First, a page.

Banks find new ways to charge customer fees

LOS ANGELES As we all know, banks are in business to make money so the last thing they want to see is the bottom line get smaller. As a result consumers are already getting hit with some new types of fees.

Stevi Martin has a big heart, especially for dogs. She runs Southern California Golden Retriever Rescue. But Stevi's heart has its limits. Recently the Chatsworth resident found some new fees on her bank statement.

"When I logged on last month, all of a sudden there was a $30 monthly statement fee, and then just last week there was a $12 fee and a $2 fee," said Martin.

One of the fees was for building bonus points whenever she used her ATM card, points Martin says are no bonus at all.

"This past year I have accumulated 42 bonus points, and when I reach 650, I'll qualify for a free cup of coffee," said Martin.

Martin said in the 16 years with her bank, she has not had any fees like these. So she was not about to pay them.

Her bank did reverse the charges after she complained.

But as financial planner Brian Gilder believes, this is just the beginning of all sorts of new bank fees coming our way.

"It's going to cost more money for banks, for credit card companies, for lenders to do business," said Gilder. "What's going to happen is those costs are going to transfer to the consumer, which we are already seeing happen."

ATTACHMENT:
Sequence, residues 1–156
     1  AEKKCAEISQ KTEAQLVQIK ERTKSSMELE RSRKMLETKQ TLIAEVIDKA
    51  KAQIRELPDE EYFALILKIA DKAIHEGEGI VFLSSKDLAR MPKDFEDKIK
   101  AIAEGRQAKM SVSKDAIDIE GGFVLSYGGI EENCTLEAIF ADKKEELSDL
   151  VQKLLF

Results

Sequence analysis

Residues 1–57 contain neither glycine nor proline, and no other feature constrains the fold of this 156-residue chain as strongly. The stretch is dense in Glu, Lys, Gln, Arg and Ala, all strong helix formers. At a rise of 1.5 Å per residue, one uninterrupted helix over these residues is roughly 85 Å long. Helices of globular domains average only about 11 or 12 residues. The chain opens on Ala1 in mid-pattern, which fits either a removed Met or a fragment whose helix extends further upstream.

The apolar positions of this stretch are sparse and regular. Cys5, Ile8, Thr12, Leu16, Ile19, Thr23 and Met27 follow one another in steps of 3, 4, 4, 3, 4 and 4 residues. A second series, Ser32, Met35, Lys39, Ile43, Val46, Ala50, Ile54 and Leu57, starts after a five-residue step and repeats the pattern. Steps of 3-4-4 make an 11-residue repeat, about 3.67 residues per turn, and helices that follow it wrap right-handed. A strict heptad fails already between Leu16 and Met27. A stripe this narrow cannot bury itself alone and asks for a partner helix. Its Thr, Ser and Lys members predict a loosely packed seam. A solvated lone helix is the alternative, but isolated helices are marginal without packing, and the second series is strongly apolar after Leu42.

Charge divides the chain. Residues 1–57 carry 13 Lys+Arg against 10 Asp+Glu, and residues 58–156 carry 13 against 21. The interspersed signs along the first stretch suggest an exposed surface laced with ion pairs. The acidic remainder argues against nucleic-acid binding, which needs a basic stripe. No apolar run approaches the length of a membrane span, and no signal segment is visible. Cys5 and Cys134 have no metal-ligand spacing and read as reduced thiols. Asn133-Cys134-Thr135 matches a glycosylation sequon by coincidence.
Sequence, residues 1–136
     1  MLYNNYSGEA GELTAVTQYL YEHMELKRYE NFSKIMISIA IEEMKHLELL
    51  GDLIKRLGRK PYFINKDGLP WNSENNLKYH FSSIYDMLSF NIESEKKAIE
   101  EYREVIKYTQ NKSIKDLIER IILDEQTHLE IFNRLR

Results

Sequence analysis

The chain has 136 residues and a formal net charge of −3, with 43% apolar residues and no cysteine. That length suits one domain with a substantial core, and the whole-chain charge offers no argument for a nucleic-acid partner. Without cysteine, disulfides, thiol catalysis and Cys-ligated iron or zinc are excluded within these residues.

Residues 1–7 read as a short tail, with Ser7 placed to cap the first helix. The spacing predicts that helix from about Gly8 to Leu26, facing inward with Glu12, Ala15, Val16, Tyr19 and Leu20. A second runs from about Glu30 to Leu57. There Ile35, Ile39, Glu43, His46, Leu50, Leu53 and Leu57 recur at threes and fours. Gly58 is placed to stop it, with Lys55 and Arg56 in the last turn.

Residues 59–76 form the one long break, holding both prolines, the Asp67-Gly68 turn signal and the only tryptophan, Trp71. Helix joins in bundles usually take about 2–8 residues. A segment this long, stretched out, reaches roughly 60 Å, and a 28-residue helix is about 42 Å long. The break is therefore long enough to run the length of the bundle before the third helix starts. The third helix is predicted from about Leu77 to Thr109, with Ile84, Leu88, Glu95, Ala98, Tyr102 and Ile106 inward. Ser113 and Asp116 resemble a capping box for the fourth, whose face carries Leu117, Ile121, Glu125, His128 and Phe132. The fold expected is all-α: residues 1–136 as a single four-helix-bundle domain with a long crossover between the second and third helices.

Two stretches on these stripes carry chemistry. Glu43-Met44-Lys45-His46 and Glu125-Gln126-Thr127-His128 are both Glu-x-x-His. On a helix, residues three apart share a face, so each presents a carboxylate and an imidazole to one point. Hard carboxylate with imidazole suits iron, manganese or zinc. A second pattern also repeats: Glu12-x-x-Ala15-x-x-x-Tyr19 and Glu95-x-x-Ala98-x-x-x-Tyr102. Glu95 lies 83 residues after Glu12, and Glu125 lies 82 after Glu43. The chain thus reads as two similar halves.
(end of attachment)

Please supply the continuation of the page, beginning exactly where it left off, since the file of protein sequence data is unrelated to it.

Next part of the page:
Some of the proposed changes that are expected include:

Higher minimum balances to get free checking

  • Tighter lending
  • Even higher overdraft fees
  • Fees for paper checks and monthly statements
  • Fees to see a teller in person

Gilder says bank customers need to look over their statements carefully and question any charges they're not familiar with.

"Consumers have got to take more initiative in what they're doing," said Gilder. "You can't use the excuse 'the government's going to take care of me.' You can't make the excuse, 'I'll wait till later.' The banks are going to be charging fees."

"You have to have patience. You have to have steam coming out of your ears to deal with them," said Martin.

The financial reform bill is 2300 pages long so it may take years before we know the full impact of the new law.

In the meantime consumers need to make at least one big decision with your bank by the end of this week, and that is whether you want to have overdraft protection or not. If you don't opt in then your bank will assume you don't want overdraft protection and the fees that go along with it. It's up to you.

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